In today’s talent markets, speed is critical when it comes to securing talent. Maintaining speed and quality when hiring is being scaled up is a challenge and is also a position many employers are now in.
My guest this week is Katie Morrow, VP of People Operations at Podium. Podium is a rapidly growing business, and Katie has some great insight to share on scaling up hiring without losing speed or damaging the candidate experience.
In the interview, we discuss:
• Scaling up talent acquisition
• High touch candidate experience
• The mind shift from relocation to remote
• Demonstrating company culture in virtual hiring
• Connecting people to the mission of the business
• The role of technology
• What do the next 12 – 18 months look like
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Matt Alder (1m 8s):
Hi, everyone. This is Matt Alder. Welcome to episode 391 of the Recruiting Future Podcast. In today’s talent markets, speed is critical when it comes to securing talent. Maintaining speed and quality when hiring is being scaled up is a challenge. It’s also a position that many employers are now finding themselves in. My guest this week is Katie Morrow, VP of People Operations at Podium. Podium is a rapidly growing business, and Katie has some great insight to share on scaling up hiring without losing speed or damaging the candidate experience. Hi, Katie, and welcome to the podcast.
Katie Morrow (1m 50s):
Thank you, Matt. Happy to be here.
Matt Alder (1m 52s):
An absolute pleasure to have you on the show. Could you just introduce yourself and tell us what you do?
Katie Morrow (1m 57s):
Yes, absolutely. My name’s Katie Morrow and I am a Senior Director of People Operations at Podium. I get to be involved in all things recruiting for the company, as well as people operations, ensuring that we are taking good care of our people here.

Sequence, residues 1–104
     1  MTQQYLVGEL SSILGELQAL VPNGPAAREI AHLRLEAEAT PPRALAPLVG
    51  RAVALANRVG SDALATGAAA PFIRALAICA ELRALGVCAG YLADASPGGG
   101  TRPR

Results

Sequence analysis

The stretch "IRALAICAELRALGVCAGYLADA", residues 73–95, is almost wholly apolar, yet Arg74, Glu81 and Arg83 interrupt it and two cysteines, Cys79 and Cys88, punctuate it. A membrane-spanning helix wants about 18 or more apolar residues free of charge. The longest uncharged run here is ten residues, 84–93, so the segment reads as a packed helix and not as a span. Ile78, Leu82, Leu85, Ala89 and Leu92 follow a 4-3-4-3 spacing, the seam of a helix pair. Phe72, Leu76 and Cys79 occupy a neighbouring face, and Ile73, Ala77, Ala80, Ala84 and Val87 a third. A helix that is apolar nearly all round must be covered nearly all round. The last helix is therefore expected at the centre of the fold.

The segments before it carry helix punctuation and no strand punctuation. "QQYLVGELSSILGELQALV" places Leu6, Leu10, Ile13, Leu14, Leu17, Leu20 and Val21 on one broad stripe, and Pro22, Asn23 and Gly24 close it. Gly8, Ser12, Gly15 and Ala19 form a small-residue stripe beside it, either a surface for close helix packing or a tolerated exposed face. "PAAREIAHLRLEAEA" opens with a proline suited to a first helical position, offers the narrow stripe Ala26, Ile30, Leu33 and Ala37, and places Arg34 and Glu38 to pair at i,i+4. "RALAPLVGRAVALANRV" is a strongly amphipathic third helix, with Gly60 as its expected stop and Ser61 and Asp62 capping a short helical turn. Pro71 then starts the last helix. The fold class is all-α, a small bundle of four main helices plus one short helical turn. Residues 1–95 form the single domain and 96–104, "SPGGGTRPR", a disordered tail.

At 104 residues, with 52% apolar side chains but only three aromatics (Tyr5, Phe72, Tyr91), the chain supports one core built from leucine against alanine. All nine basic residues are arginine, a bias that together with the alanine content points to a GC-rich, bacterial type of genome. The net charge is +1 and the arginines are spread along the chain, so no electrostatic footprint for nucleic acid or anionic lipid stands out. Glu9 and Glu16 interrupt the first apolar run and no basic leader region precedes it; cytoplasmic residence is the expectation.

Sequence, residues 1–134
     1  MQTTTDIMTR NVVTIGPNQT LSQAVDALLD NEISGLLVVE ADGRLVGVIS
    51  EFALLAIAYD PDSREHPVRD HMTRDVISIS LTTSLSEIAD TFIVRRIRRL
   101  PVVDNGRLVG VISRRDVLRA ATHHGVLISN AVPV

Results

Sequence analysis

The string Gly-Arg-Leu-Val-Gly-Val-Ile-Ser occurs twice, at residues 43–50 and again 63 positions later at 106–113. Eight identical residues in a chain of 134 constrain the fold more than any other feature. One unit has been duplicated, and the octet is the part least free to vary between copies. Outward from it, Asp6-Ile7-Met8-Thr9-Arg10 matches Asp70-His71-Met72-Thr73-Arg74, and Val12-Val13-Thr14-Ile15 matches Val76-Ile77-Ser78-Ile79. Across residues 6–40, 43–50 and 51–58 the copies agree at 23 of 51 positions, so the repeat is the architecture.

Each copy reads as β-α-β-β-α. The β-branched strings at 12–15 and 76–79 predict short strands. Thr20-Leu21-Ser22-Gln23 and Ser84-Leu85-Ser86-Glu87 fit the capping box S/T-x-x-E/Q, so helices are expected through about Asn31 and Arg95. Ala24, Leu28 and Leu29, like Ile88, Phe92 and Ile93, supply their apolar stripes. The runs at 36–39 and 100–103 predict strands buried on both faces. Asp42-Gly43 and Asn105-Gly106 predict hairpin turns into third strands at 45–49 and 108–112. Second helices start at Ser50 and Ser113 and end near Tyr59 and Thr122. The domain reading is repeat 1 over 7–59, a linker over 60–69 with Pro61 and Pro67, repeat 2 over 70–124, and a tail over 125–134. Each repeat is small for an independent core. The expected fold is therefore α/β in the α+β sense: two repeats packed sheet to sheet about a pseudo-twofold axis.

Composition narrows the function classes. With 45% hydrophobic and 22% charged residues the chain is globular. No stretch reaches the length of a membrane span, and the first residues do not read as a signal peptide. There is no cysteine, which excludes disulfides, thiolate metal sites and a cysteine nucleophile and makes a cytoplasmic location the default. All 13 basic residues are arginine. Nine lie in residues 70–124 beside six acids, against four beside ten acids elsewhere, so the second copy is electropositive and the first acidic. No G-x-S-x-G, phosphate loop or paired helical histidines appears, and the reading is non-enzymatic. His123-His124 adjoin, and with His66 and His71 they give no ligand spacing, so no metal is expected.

Matt Alder (2m 13s):
I suppose, by way of context, tell us a little bit more about Podium or what Podium does, and also perhaps a bit about how things have developed during your time there.
Katie Morrow (2m 22s):
Yes, absolutely. I’ve been at Podium for four years and we have grown tremendous amounts. We are a software as a service company that serves local businesses with everything from start to finish for customer acquisition and interaction, managing all communications for those local businesses with their customers. When I started, we were a reviews product platform for our customers and we’ve evolved over time to include everything including the end of that transaction all the way down to payments for our customers.
Matt Alder (3m 4s):
How is the size of the team developed in those four years?
Katie Morrow (3m 9s):
Yes, we’ve grown a tremendous amount. When I started four years ago, we had about a hundred employees and today we are just about a thousand.
Matt Alder (3m 20s):
Some fairly rapid scaling there. How has your approach to talent acquisition and recruiting had to adapt as the company’s got bigger?
Katie Morrow (3m 32s):